Opinion: Georgia can’t afford to delay Medicaid expansion

In the face of a dual crisis — the COVID-19 public health emergency and the resulting economic downturn — it is more important than ever that the 14 states that haven’t implemented the Medicaid expansion, including Georgia, act to extend eligibility to the almost 5 million uninsured people who could gain coverage.

Medicaid expansion will help ensure those who need care have access to it. Uninsured adults may face higher risk of exposure to COVID-19 because of the types of jobs they are more likely to hold. The occupations with the highest number of uninsured workers include cashiers, restaurant servers and cooks and retail sales, which require more contact with the public and do not allow for working at home. Expanding coverage will ensure more of these workers can afford testing and any necessary treatments.

Already, 1.4 million Georgians do not have health insurance, and Georgia’s uninsured rate of 13.7 percent is third-highest in the country. In rural Georgia, the uninsured rate could climb to more than 25 percent by 2026. Economists predict the recession is likely to disproportionately affect low-wage jobs, and the COVID-19 pandemic is expected to result in more Georgians who face layoffs not having insurance. As of April 23, 1.1 million Georgians had filed for unemployment benefits in five weeks. Assuming the state’s new rate of unemployment will fall between 10 percent and 25 percent, the number of uninsured Georgians could increase by 101,000 to 524,000.

Medicaid expansion will not only help prevent people from experiencing severe hardship as the economic downturn worsens, it will even help maintain our health infrastructure. The recently passed Families First Coronavirus Response Act provides coverage for COVID-19 testing for uninsured people, but not treatment. People without health insurance are more likely to delay or avoid seeking care, which jeopardizes their own health and may increase the spread of the virus if they are unknowingly infected. When they do seek care, uninsured people often rely on public hospitals, community health centers, local health departments, and other safety-net providers, which will be under increased strain responding to the public health emergency. People with Medicaid are more likely to have a usual source of care, which can help distribute demand away from the most strained parts of the health care system during the emergency.

The pandemic will also result in steep budget shortfalls. However, the best response to the COVID-19 pandemic requires stronger health care infrastructure and federal assistance to shore up the budget. Expanding Medicaid would bring in millions more dollars to health care providers to care for patients and billions more in federal money to offset state spending increases and lower tax revenues.

The federal government pays 90 percent of the costs for people with Medicaid expansion coverage. This means for every dollar a state spends on coverage for this population, it will bring in an additional nine dollars in federal matching funds. Georgia has already missed out on $21 billion federal health care dollars because of our refusal to expand Medicaid. Georgia cannot afford to keep waiting. This infusion of federal dollars will boost state economies if, as expected, the public health emergency leads to a severe recession. The additional funding is also one of the most rapid, proven ways to deliver fiscal relief to states during an economic downturn.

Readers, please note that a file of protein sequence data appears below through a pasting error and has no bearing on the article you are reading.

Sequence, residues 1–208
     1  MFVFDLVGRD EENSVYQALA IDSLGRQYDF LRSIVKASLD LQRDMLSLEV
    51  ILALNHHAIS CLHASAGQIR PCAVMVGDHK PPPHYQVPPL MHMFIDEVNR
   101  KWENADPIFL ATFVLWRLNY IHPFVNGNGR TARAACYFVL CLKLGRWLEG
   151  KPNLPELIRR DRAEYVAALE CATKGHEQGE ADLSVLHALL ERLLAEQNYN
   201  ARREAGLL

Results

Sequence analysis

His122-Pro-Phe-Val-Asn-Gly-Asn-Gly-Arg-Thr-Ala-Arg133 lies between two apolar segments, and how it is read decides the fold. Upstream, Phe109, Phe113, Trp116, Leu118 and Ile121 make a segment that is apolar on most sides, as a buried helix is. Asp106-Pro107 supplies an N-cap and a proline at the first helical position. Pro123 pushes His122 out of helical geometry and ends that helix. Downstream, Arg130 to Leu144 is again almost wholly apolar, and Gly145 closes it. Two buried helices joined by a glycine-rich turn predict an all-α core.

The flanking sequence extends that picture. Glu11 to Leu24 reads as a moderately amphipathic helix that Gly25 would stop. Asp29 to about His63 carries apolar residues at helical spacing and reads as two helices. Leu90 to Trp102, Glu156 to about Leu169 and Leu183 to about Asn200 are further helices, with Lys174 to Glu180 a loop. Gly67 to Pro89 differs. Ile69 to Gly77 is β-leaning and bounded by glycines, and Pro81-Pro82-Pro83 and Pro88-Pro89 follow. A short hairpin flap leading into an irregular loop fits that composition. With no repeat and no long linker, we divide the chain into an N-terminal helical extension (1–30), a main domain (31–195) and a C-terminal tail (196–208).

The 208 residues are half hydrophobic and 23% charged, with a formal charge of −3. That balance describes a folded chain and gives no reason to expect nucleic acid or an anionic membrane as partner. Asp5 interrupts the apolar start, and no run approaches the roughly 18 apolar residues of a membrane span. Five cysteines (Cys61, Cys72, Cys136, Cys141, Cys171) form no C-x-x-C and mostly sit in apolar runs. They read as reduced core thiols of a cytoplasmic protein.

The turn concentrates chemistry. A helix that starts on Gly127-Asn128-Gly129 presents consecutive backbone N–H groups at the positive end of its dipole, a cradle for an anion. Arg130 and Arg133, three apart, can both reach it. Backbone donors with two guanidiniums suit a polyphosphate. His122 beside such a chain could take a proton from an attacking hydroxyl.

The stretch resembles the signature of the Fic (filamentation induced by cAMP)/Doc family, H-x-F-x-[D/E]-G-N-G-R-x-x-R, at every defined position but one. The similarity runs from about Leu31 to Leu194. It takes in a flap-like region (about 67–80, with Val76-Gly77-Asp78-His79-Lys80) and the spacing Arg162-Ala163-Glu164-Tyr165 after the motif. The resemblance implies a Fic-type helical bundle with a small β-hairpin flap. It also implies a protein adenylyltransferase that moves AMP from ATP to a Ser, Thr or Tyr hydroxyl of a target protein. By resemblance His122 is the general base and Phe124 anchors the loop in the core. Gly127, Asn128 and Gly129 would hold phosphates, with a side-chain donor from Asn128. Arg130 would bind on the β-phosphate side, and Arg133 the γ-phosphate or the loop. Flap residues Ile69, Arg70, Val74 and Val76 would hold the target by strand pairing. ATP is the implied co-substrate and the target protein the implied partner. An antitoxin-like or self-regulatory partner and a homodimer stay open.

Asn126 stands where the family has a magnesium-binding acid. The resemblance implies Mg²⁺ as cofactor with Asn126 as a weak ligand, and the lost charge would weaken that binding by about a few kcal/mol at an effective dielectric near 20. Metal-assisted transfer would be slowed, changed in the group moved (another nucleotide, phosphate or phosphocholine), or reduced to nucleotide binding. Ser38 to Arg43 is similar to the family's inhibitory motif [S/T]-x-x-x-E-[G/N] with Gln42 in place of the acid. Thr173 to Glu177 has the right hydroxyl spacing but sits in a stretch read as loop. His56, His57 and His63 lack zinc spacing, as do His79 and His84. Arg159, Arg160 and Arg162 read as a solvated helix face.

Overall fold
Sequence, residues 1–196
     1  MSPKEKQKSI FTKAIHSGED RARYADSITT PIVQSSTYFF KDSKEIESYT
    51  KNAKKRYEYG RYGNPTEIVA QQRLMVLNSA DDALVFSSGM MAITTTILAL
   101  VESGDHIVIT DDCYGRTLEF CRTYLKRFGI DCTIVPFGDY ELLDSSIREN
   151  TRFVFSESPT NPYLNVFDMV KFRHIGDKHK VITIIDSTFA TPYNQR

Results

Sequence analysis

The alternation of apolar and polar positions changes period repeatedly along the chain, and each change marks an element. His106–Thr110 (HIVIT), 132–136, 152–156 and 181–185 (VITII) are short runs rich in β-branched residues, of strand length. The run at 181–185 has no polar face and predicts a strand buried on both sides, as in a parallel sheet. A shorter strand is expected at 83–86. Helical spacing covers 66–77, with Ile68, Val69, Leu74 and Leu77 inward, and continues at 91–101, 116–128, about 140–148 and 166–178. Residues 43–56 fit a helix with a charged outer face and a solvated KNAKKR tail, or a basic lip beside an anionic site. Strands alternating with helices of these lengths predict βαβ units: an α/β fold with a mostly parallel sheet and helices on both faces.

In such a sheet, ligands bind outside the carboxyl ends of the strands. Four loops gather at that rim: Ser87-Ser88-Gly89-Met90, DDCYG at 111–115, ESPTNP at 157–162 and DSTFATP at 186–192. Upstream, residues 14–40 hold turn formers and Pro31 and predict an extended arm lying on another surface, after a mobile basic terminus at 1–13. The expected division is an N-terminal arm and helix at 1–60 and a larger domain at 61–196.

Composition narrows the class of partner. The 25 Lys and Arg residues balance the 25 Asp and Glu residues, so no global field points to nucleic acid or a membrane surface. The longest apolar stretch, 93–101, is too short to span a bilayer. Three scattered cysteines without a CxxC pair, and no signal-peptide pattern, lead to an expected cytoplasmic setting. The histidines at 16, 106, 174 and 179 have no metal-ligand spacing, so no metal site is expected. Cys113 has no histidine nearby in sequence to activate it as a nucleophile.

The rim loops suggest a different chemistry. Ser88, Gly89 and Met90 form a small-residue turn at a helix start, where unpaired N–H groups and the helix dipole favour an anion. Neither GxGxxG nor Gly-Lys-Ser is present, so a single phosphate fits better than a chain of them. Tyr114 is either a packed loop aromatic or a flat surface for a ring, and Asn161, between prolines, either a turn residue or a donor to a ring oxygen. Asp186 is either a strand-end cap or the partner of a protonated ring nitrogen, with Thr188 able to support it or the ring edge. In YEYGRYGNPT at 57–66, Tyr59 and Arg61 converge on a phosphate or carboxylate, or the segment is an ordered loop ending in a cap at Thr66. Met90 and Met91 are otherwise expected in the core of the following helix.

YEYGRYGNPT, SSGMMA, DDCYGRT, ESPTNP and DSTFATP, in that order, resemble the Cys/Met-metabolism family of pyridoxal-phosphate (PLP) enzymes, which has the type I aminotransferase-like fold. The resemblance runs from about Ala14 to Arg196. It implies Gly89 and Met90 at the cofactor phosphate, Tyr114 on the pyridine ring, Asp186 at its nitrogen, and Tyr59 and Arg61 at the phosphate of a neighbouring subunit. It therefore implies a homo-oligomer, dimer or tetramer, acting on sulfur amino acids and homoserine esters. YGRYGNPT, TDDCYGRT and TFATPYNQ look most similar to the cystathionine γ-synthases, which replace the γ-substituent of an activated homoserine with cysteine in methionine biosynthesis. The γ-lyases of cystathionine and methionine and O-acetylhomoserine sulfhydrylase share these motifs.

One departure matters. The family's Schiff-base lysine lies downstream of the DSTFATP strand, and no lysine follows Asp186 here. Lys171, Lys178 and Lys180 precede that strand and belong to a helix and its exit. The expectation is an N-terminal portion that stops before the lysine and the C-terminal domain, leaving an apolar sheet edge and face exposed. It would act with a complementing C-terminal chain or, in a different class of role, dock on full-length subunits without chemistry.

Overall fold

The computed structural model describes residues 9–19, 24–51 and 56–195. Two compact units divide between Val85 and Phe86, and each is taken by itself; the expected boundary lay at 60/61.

Georgia can explore several options to expand Medicaid in this moment. First, the governor should consider if his emergency powers would allow him to authorize a full Medicaid expansion by suspending the restrictions from Senate Bill 106 that only permitted the state to pursue a partial expansion. The governor’s public health emergency powers allow him to “suspend any regulatory statute prescribing the procedures for conduct of state business, or the orders, rules, or regulations of any state agency, if strict compliance […] would […] delay necessary action in coping with the emergency.” The Department of Community Health should consider ways to expand coverage through emergency 1115(a) Medicaid waivers and resubmitting the state’s partial Medicaid expansion waiver to remove work reporting requirements. And when state lawmakers reconvene for legislative session, they can amend the legislation that says Georgia can only expand up to 100 percent of the poverty line to allow expansion up to 138 percent of poverty and/or add language to the budget allowing the state health agency to pursue a full expansion.

Georgia has already waited too long to expand Medicaid, and our state’s people are now paying the cost. Georgia, particularly southwest Georgia, has seen the effects of a large number of uninsured Georgians in recent years, and is now particularly vulnerable to the effects of COVID-19. There is no time to waste; Georgia must take immediate action to expand Medicaid and support the health and well-being of our communities.

Laura Harker is senior health care analyst for the Georgia Budget and Policy Institute.